Magazine article Corrections Today

Addressing Mental Health Needs of Juvenile Offenders

Magazine article Corrections Today

Addressing Mental Health Needs of Juvenile Offenders

Article excerpt

Editor's Note: The following is an edited reprint of a LegisBrief published by the National Conference of State Legislatures (NCSL) in the August/September 2000 series.

At least 60 percent of children in the juvenile justice system have recognizable mental health problems, according to research, and as many as 20 percent are seriously mentally ill. These disorders include anxiety, mood and conduct disorders, psychotic disorders, attention deficit and hyperactivity disorder and posttraumatic stress disorder. Studies also indicate that 50 percent to 75 percent of juvenile delinquents suffer from both mental health disorders and substance abuse problems. A 1999 study by the Substance Abuse and Mental Health Services Administration shows that youths with emotional and behavioral problems are more likely to abuse alcohol and drugs.

State Actions

Because youths with mental and emotional disorders often behave in ways that place them into the justice system, state laws are addressing mental health assessment and evaluation of these youths. In some states, assessment follows firearm possession or crimes. Washington requires a mental health evaluation in a juvenile or adult facility of a person between ages 12 and 21 who is arrested for firearm possession on school grounds or at a school function. The law allows release after examination and evaluation by a county-designated mental health professional. A California statute allows a treatment-based alternative to incarceration if a minor who used a firearm to commit a violent felony has a mental disorder that requires intensive treatment.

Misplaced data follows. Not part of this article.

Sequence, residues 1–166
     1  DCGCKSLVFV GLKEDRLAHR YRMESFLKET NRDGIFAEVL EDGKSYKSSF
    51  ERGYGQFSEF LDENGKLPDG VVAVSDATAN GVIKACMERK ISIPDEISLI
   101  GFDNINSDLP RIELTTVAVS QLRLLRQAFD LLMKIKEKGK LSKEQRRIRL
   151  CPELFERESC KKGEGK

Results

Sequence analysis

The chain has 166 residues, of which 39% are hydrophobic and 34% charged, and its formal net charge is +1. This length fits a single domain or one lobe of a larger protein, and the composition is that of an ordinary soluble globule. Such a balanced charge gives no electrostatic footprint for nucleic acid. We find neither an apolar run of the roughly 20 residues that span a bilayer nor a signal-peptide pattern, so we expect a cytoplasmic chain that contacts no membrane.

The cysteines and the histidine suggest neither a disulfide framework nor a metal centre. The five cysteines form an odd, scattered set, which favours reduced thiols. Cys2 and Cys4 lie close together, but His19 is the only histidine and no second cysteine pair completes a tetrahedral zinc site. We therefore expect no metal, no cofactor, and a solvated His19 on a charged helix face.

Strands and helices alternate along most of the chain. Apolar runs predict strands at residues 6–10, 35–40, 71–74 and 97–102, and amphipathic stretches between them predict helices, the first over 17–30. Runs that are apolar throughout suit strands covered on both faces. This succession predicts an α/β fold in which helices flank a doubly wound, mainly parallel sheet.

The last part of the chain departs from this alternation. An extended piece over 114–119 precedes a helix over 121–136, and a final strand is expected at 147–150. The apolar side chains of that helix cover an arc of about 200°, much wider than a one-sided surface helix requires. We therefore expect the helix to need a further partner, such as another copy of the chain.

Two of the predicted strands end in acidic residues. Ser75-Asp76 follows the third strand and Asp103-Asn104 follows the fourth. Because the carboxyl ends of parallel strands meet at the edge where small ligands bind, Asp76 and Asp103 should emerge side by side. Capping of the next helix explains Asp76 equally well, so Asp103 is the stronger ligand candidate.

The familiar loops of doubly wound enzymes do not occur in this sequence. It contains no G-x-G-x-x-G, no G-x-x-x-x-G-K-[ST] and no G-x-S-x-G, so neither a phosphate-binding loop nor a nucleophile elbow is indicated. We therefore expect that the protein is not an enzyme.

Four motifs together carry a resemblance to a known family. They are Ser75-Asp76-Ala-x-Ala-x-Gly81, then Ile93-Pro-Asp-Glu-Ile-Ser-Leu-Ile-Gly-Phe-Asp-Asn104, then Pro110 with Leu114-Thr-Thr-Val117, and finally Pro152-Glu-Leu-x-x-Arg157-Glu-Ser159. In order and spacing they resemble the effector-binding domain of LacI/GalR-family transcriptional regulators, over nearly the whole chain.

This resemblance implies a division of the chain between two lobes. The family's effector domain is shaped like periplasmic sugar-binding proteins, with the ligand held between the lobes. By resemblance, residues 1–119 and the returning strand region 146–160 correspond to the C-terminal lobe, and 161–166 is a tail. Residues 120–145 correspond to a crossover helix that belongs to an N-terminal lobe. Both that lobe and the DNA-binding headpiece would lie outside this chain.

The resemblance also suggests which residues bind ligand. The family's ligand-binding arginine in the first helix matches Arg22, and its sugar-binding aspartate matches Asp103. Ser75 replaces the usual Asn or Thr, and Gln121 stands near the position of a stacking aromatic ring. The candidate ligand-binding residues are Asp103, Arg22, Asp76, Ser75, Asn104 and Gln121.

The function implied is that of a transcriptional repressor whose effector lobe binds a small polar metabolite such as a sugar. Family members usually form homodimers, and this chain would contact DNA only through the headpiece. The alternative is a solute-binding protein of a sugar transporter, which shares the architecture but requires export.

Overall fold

Maryland's law requires a comprehensive mental health or substance abuse assessment of a child who is the subject of a complaint if initial screening deems it necessary. Virginia requires drug screening and assessment of all juveniles who commit certain misdemeanors or felonies. Courts may order such assessments of other adjudicated juveniles and require youths to complete a program of treatment or education, similar to provisions for adult offenders also included in that law. Under North Carolina law, judges may conduct a hearing to determine whether a delinquent or undisciplined juvenile needs medical, psychiatric, psychological or other treatment and who should pay for it.

Other state laws require a review of mental health services for juveniles. The Arizona Department of Juvenile Corrections and the Department of Health Services must develop an intergovernmental agreement to serve mentally ill youths who are committed to the Department of Juvenile Corrections. The agreement must designate specific procedures for providing services to committed youths and provide means for sharing funds, expertise and training opportunities. Florida requires the Department of Juvenile Justice to establish standards to ensure the quality of mental health services provided to juveniles with mental, nervous or emotional disorders who may be committed to intensive residential treatment programs. …

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